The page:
One Step at a Time

The Capital Pride Parade celebrates 25 years



The 2005 Parade curves around Dupont Circle
(Photo by Randy Shulman/Metro Weekly)

Last year, Capital Pride celebrated a milestone birthday, turning 30.

Now it’s the parade’s turn.

Born in 1981, the Capital Pride Parade turns 25 this year. That’s a quarter century of marching, dancing, riding and skipping along the streets of the nation’s capital, a surge of the LGBT community’s energy pulsing through the city’s arteries.

Over the years, the parade has morphed and moved and grown, at one point moving into Adams Morgan past Meridian Hill Park, and in more recent years accommodating the gay community’s expansion into Logan Circle. The parade has even become a Saturday night celebration unto itself, rather than a Sunday morning lead-in to the festival.

”We wanted to make it more of a weekend event, and not to exhaust everyone who was participating,” says Robert York, who served as director of Capital Pride from 1999 to 2005 and who spearheaded the change to Saturday eve in 2002. According to York, this change — by most measures, the most substantial in the parade’s history — was not without controversy.



D.C. Different Drummer Ed Wilson has been a iconic vision at the parade for years
(Photo by Randy Shulman/Metro Weekly)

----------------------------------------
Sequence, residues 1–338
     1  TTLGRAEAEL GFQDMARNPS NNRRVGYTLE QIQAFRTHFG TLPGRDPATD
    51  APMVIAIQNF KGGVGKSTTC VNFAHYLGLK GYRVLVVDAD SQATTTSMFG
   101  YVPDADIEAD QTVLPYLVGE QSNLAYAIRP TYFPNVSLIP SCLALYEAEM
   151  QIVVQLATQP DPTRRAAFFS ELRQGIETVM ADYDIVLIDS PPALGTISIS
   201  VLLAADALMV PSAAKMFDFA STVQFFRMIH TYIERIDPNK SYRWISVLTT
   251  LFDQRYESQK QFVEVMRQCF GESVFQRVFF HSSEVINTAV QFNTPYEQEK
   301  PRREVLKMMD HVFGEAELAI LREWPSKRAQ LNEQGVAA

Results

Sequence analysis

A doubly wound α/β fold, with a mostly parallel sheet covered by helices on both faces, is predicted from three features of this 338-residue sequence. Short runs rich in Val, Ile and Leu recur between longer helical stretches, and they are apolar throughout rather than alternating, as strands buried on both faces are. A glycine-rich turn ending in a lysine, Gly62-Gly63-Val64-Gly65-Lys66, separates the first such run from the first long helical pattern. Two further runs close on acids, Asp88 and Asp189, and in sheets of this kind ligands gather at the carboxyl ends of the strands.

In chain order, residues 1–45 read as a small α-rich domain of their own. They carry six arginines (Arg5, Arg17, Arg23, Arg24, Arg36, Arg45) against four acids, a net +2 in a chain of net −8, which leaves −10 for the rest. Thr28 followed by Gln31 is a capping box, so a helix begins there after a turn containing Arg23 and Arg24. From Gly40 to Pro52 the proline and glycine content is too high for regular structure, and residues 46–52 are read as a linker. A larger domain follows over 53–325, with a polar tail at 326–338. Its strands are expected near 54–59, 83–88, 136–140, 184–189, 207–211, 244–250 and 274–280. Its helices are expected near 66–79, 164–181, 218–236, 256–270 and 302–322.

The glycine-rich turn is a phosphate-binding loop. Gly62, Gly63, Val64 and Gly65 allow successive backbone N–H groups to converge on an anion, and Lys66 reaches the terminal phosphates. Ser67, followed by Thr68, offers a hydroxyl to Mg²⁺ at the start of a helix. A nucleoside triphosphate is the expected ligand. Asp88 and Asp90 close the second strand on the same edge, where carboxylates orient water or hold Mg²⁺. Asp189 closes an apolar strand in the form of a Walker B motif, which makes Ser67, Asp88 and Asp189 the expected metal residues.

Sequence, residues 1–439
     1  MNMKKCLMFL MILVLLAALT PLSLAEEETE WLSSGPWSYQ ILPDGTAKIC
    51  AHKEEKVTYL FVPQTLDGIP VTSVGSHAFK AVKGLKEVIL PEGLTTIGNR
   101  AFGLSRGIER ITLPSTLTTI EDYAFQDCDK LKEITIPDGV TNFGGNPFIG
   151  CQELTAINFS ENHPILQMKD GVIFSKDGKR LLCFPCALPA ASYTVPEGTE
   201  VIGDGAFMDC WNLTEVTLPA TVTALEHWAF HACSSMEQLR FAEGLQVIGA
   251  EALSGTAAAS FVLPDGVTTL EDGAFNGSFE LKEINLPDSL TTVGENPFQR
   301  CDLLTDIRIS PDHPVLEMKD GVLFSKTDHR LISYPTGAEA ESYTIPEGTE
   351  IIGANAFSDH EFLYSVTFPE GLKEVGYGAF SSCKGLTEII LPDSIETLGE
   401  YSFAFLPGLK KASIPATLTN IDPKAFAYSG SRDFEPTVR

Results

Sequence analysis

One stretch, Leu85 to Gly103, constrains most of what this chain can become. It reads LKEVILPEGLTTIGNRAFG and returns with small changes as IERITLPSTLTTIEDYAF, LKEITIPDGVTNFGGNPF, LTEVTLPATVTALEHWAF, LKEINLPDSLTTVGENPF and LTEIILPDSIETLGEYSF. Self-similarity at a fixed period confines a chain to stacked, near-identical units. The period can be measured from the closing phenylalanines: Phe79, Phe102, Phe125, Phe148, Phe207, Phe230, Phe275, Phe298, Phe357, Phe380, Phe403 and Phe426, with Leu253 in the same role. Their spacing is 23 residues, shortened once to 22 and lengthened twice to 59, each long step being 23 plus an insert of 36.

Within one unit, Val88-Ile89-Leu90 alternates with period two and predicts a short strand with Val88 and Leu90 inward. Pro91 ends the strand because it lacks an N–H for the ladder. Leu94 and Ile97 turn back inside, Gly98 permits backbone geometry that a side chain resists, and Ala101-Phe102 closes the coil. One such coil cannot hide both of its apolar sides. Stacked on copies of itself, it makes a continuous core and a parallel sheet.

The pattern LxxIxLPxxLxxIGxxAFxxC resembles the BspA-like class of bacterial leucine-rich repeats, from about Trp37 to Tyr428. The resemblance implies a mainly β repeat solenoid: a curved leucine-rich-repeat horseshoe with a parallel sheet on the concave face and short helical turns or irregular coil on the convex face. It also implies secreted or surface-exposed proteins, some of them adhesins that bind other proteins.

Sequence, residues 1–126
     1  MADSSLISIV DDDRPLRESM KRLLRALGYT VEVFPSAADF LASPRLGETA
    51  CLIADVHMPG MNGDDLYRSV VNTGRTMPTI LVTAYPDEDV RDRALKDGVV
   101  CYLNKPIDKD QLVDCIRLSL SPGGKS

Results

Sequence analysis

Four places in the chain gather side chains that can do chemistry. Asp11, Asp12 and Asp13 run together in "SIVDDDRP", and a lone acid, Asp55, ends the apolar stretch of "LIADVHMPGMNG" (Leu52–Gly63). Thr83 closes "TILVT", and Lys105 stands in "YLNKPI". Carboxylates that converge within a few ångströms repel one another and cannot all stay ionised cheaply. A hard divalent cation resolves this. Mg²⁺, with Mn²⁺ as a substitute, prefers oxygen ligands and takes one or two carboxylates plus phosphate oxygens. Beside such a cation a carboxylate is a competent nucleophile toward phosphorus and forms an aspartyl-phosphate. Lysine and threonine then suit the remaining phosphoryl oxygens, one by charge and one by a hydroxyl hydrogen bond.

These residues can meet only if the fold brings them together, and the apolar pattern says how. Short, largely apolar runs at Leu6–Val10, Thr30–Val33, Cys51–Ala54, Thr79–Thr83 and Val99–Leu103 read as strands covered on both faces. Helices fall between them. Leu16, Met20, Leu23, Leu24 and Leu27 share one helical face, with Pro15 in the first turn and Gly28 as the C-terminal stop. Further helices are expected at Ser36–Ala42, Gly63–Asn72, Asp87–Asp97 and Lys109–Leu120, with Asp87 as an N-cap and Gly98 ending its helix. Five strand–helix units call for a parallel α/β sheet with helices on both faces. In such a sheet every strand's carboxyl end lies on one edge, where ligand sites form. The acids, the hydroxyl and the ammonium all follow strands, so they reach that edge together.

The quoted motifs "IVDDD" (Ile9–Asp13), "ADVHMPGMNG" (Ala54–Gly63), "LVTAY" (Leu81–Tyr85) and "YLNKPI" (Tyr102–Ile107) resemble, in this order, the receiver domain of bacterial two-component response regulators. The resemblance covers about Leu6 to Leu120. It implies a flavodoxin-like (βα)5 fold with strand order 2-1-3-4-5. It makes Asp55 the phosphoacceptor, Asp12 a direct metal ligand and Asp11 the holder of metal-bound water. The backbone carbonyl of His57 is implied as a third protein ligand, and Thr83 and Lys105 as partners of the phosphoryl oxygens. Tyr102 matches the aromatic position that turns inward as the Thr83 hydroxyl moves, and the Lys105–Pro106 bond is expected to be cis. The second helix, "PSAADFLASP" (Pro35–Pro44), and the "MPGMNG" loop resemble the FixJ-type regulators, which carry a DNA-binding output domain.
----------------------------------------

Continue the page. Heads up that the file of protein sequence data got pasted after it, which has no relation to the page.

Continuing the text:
”Community leaders…would approach me and say, how dare I mess with tradition,” York recalls. ”I said, ‘Look, it’s not going to hurt us to take the risk. If we have to move it back, we can do that.’ I chose not to back down.”

Mark Meinke, founder of the Rainbow History Project, says he remembers being initially bothered by the change, but it didn’t take long to see a bright side.

”By the second year, I realized it wasn’t a bad thing,” he says. ”I think it did open it to people who couldn’t make it on Sunday.”

A more powerful memory for Meinke is his first Capital Pride Parade in 1991, following 18 years living abroad.

”I found it very moving,” he says. ”I particularly was impressed when the [AIDS Memorial] Quilt panels came by and this deep, respectful quiet fell over everyone. I was standing on 17th Street and I was glad that the parade was heading through the rest of town. I was glad the parade was going through non-GLBT strongholds.”



The 2000 parade makes its way down to the festival site
(Photo by Randy Shulman/Metro Weekly)

Though Meinke’s first parade weaved its way downtown to the festival site, today’s parades are intended to string together the district’s gay areas, wherever they may be, as the community evolves.

”We’ve extended the route. We’ve moved the reviewing stand. We really try hard to include more of the community,” says Allan Dudley, now in his fourth year as chair of Capital Pride’s parade committee. He points to the stretch of P Street NW between 14th and 15th streets, as well as portions of 14th Street NW, that have been included as the gay community moves to different areas of the district.

“That’s what the parade is about,” he says. “Giving to the community.”

The Capital Pride Parade will step-off on Saturday, June 10, at 6:30 p.m. For a complete map of the route, including staging area, click here.

For a complete list of participants as of press time, please click here.

Follow Will O'Bryan on Twitter @wobryan.

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